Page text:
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Elections and Political Regimes

  • Jennifer Gandhi


Post-Cold War autocracies appear novel in their use of multiparty elections, attracting the attention of scholars and policymakers alike. A longer historical view, however, reveals that what is unique is not electoral authoritarianism after 1989, but rather the electoral inactivity of autocracies during the Cold War period. Throughout the nineteenth and twentieth centuries, authoritarian regimes have held multiparty elections. The prevalence of these elections begs the question of whether they have any effects on political liberalization and democratization. But the study of authoritarian elections in processes of political change faces a number of theoretical and empirical challenges that can only partly be surmounted with existing approaches.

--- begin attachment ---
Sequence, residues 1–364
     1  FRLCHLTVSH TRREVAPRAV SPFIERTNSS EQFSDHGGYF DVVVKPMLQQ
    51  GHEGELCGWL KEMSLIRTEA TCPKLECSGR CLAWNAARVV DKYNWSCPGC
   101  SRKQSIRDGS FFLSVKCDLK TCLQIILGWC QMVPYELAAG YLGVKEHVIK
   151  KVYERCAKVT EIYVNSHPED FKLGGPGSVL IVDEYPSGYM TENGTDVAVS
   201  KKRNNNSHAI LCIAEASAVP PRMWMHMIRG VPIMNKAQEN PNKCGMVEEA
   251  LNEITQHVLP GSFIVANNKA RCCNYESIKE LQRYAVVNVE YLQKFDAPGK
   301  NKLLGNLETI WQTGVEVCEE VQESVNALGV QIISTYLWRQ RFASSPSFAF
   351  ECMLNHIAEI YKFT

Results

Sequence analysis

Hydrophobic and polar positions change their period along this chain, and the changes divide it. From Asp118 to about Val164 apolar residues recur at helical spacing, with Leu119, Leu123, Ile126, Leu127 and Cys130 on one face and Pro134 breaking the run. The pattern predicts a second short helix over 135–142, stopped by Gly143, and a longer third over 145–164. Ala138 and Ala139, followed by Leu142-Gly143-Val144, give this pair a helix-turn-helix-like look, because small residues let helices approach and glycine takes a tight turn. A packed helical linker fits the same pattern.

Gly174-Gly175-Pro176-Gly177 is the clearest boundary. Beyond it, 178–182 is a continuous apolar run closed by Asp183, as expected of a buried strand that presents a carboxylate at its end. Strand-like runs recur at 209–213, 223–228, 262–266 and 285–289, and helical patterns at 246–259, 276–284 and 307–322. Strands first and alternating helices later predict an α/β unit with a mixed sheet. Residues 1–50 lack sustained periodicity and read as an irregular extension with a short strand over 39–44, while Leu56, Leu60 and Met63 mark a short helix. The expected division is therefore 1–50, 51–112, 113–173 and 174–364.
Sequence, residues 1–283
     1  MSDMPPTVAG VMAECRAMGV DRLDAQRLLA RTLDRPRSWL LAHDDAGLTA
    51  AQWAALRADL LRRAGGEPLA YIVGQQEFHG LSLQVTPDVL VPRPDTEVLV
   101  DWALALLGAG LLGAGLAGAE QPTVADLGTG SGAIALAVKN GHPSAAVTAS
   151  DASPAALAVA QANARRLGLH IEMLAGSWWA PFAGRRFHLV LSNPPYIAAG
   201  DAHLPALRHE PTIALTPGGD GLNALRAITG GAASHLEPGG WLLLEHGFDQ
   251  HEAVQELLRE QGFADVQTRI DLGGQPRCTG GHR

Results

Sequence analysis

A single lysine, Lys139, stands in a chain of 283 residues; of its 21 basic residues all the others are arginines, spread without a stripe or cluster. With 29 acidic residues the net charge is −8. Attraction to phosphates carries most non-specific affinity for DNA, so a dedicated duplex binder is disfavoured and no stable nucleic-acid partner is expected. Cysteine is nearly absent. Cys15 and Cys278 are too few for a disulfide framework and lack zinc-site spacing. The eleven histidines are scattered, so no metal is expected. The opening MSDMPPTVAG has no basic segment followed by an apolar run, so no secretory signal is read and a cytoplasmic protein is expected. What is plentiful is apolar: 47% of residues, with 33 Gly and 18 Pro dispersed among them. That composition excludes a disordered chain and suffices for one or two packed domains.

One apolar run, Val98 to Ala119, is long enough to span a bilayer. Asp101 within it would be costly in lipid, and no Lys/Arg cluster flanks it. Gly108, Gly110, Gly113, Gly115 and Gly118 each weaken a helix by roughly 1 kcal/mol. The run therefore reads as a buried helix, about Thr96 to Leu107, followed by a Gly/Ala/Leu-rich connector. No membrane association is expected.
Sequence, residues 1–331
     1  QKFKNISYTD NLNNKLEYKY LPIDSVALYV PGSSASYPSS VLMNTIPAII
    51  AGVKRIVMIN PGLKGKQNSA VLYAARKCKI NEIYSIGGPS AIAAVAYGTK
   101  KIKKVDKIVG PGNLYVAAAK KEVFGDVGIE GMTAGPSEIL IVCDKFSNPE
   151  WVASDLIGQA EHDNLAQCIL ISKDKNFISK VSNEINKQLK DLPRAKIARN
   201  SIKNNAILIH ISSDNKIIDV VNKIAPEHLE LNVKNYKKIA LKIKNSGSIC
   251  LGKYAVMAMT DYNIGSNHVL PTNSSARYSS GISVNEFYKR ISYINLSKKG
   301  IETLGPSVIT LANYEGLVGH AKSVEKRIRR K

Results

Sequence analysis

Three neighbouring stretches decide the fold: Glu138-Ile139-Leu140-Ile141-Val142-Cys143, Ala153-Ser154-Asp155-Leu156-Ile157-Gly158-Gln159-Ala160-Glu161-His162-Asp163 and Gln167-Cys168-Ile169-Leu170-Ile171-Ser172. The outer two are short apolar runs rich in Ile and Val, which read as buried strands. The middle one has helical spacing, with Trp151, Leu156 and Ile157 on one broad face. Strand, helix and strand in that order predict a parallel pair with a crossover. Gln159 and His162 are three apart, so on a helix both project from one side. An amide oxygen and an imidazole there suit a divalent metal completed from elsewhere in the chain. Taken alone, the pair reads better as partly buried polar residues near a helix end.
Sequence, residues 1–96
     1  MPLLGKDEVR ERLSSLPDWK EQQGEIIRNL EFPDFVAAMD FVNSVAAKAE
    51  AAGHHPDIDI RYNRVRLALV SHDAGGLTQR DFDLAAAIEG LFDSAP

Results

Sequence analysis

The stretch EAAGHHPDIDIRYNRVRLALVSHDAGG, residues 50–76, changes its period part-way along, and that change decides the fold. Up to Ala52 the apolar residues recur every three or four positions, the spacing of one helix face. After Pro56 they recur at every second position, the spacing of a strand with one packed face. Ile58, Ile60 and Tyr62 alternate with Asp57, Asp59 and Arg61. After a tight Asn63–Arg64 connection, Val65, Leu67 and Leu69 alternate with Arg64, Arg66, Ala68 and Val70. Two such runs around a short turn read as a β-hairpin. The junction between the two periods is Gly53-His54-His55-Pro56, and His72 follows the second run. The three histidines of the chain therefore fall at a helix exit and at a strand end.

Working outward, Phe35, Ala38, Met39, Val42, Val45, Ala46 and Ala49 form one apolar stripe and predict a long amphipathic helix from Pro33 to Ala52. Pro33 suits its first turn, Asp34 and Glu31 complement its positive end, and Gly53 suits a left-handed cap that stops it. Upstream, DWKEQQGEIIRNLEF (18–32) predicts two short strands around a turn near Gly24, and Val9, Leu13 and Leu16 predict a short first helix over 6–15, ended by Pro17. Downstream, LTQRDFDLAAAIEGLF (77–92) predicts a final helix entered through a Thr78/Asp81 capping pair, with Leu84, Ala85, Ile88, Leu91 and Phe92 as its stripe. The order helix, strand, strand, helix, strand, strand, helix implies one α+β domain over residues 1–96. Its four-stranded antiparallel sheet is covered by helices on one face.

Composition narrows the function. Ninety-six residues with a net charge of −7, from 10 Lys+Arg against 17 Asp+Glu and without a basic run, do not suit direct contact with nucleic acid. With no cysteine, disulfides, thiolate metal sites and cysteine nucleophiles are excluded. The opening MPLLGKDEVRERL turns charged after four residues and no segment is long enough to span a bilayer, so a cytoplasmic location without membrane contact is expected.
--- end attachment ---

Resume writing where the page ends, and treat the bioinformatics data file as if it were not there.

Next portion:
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Jennifer Gandhi is Winship Distinguished Research Professor of Political Science at Emory College of Arts and Sciences. Contact email:



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Elections and Political Regimes

  • Jennifer Gandhi


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